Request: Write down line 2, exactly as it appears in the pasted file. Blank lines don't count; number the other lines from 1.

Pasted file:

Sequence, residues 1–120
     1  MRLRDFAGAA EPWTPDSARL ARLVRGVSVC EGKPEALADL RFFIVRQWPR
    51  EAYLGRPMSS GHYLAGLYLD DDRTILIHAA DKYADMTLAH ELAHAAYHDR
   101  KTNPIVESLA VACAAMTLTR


     1  MRLRDFAGAA EPWTPDSARL ARLVRGVSVC EGKPEALADL RFFIVRQWPR